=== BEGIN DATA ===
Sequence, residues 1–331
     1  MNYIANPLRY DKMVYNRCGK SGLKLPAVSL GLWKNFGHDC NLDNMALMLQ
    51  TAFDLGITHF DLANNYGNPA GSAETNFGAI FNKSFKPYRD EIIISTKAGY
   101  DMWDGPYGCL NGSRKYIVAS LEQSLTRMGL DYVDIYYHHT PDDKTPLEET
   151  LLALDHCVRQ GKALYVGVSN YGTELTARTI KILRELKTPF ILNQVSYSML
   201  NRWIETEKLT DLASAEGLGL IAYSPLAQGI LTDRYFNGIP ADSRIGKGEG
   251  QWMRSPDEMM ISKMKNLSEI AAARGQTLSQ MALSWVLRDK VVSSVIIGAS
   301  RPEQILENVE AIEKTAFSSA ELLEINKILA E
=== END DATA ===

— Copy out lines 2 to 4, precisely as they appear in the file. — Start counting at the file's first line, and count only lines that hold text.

     1  MNYIANPLRY DKMVYNRCGK SGLKLPAVSL GLWKNFGHDC NLDNMALMLQ
    51  TAFDLGITHF DLANNYGNPA GSAETNFGAI FNKSFKPYRD EIIISTKAGY
   101  DMWDGPYGCL NGSRKYIVAS LEQSLTRMGL DYVDIYYHHT PDDKTPLEET